— The Mahabharata of Krishna-Dwaipayana Vyasa, Volume 4 • Kisari Mohan Ganguli

... Some nice ragout, or charming fricasee. What earth and waters breed, or air inspires, Man for his palate fits by torturing fires. But, though my edge be not too nicely set, Yet I another's appetite may whet; May teach him when to buy, when season's pass'd, What's stale, what choice, what plentiful, what waste, And lead him through the various maze of taste. The fundamental principle of all Is what ingenious cooks the relish call; For when the market sends in loads of food, They all are tasteless till ...
— A Poetical Cook-Book • Maria J. Moss

... made from stale bread, which should be cut in one-third to one-half inch slices. A single slice of toast may be made by holding it over the fire on a fork. In camp a forked stick answers every purpose. The easiest way to make several slices is to put them in a wire ...
— Scouting For Girls, Official Handbook of the Girl Scouts • Girl Scouts

... a mind that is filled with negative, discordant or inharmonious thoughts, I am separating myself from the full expression of the Divine within me. I am the bucket of water going stale on a human island; but, when I make my spirit at one with the Father by harmonious thinking, by love, kindness, good will, fellowship and co-operation, I am not only maintaining all of my original properties, but I am in correspondence ...
— The Silence • David V. Bush

... read and seen, do fall In our opinions; yet not seen at all, Whom would they please? To an heroic tale Would you not listen, lest it should grow stale? ...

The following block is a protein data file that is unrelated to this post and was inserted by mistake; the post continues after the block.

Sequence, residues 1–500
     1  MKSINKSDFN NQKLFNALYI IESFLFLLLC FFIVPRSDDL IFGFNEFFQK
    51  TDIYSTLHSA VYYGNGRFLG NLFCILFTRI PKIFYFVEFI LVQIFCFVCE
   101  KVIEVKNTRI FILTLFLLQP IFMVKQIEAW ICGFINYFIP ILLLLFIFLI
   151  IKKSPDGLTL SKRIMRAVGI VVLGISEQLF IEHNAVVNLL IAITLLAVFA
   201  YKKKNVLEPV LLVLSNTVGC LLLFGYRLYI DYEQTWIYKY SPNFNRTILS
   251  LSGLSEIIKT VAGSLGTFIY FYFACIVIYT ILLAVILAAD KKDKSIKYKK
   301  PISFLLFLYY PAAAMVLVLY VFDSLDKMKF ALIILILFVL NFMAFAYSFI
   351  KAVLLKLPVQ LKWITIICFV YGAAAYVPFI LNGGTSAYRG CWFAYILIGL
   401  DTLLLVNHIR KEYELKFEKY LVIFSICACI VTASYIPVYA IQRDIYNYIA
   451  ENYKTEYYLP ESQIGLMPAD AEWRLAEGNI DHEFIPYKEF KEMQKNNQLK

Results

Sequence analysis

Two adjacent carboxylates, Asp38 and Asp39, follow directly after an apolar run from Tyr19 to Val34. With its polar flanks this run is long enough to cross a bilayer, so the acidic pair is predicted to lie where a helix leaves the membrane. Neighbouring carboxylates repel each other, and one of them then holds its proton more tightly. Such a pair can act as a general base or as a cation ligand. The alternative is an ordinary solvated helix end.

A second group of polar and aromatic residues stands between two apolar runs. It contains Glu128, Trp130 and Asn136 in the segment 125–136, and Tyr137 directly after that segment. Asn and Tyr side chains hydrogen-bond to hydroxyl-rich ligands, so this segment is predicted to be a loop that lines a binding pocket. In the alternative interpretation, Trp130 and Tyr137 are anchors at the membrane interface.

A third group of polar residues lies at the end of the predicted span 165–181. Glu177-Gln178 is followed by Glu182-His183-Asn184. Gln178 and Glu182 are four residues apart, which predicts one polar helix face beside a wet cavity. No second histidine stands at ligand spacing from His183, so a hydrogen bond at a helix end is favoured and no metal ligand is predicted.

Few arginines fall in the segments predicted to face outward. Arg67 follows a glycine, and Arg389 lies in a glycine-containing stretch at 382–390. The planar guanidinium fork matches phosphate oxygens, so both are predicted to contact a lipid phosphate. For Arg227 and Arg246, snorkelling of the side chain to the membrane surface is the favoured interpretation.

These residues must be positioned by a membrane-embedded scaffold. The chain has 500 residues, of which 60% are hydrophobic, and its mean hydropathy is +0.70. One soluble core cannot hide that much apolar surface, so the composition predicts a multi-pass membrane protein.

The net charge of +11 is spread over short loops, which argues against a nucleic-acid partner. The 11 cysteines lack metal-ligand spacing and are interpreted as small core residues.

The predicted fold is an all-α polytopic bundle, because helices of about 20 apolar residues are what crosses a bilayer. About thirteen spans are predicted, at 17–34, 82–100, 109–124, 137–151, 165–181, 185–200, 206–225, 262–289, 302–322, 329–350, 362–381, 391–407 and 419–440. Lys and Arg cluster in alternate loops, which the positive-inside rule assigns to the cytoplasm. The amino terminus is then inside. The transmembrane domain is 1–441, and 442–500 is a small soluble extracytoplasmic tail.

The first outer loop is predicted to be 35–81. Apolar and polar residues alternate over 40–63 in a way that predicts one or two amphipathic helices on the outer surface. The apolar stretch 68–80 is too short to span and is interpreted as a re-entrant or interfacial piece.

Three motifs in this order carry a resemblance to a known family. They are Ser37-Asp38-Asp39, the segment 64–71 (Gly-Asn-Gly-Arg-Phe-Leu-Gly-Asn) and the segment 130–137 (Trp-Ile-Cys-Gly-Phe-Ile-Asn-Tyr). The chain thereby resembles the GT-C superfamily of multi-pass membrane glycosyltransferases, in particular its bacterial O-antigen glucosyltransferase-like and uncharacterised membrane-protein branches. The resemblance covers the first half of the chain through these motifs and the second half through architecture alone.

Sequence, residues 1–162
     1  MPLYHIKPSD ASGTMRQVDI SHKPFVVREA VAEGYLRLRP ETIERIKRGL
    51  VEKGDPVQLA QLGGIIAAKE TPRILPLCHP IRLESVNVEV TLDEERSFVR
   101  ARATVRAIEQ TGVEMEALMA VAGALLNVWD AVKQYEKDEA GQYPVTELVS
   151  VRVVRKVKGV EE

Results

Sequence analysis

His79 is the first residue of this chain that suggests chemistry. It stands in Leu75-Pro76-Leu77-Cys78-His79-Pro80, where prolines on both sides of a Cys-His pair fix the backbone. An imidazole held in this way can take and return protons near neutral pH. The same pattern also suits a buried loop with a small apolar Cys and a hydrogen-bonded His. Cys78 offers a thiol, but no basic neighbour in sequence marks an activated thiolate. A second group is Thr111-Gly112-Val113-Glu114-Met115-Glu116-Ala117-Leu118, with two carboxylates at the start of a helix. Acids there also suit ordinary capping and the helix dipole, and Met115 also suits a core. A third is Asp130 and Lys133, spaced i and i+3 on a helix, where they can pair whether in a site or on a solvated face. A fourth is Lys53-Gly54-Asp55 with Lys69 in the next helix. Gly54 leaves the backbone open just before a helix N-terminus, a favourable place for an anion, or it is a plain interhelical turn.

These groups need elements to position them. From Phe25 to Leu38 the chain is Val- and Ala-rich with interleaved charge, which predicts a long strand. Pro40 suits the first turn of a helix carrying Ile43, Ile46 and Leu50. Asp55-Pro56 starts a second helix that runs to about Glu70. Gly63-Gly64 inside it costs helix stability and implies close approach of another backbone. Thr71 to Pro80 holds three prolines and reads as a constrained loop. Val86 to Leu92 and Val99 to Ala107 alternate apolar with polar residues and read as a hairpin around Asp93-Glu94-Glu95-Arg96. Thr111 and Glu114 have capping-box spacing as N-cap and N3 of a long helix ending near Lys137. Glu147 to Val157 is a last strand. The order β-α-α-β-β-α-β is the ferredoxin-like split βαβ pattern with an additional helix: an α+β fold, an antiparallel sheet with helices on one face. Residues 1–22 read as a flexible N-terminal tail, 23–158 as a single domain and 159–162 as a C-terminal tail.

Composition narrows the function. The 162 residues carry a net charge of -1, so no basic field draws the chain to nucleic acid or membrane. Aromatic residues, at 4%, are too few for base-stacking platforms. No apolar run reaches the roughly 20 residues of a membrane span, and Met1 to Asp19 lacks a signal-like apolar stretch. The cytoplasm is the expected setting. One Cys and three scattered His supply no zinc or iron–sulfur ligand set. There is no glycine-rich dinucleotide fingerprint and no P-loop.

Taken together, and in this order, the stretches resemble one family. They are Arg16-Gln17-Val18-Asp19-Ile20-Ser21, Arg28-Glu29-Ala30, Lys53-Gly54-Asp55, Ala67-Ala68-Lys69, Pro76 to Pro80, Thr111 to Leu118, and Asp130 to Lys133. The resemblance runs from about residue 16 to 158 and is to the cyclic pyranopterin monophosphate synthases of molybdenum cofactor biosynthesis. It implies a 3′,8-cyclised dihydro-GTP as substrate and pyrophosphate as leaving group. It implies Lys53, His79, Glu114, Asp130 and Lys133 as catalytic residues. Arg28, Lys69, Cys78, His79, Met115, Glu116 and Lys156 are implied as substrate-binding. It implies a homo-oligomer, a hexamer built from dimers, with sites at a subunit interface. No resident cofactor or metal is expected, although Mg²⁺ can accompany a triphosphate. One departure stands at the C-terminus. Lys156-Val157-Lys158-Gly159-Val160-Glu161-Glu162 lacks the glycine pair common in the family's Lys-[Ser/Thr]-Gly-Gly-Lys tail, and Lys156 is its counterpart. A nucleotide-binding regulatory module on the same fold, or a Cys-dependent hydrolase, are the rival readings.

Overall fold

— Poetical Works of Edmund Waller and Sir John Denham • Edmund Waller; John Denham

... car, as he finished his explanation, and then we began to wade jerkily through a thick layer of loose stones that had been spread over the road like hard butter over stale bread. ...
— My Friend the Chauffeur • C. N. Williamson and A. M. Williamson

... done put up now, Jud?" grinned a tall weaver with that blank look of expectancy which settles over the face of the middle man in a negro minstrel troupe when he passes the stale question to the end man, knowing the joke ...
— The Bishop of Cottontown - A Story of the Southern Cotton Mills • John Trotwood Moore

... familiar mendicant was a vender of printed ballads. These effusions were so stale, atrocious, and unsalable in their character, that it was easy to detect that hypocrisy, which—in imitation of more ambitious beggary—veiled the real eleemosynary appeal under the thin pretext of offering an equivalent. This beggar—an ...
— Urban Sketches • Bret Harte

... courtesy could not withstand that. There was a roar of delight from the cowpunchers, and, instantly, the phrase became a part of the vocabulary of the Bad Lands. That day, and on many days thereafter when "Get a git on yuh!" grew stale and "Head off them cattle!" seemed done to death, he heard a cowpuncher shout, in a piping voice, "Hasten ...
— Roosevelt in the Bad Lands • Hermann Hagedorn

... Toddles pestered everybody for a job. He pestered Carleton, the super. He pestered Tommy Regan, the master mechanic. Every time that he saw anybody in authority Toddles spoke up for a job, he was in deadly earnest—and got a grin. Toddles with a basket of unripe fruit and stale chocolates and his "best-seller" voice was one thing; but Toddles as anything ...
— The Boy Scouts Book of Campfire Stories • Various

... said I, shrugging my shoulders. "I do not like it at all; it is common, low, vulgar. There is no romance about it; it only reminds one of stale tobacco and flat champagne." ...
— The First Violin - A Novel • Jessie Fothergill



Words linked to "Stale" :   staleness, cold, piss, pee-pee, unoriginal, fresh, puddle, bad, spend a penny, limp, rotten, wee, rancid, urinate, piddle, mouldy, pee, tainted, make water, maggoty, pass water, wee-wee, old, relieve oneself, putrescent, moldy, wilted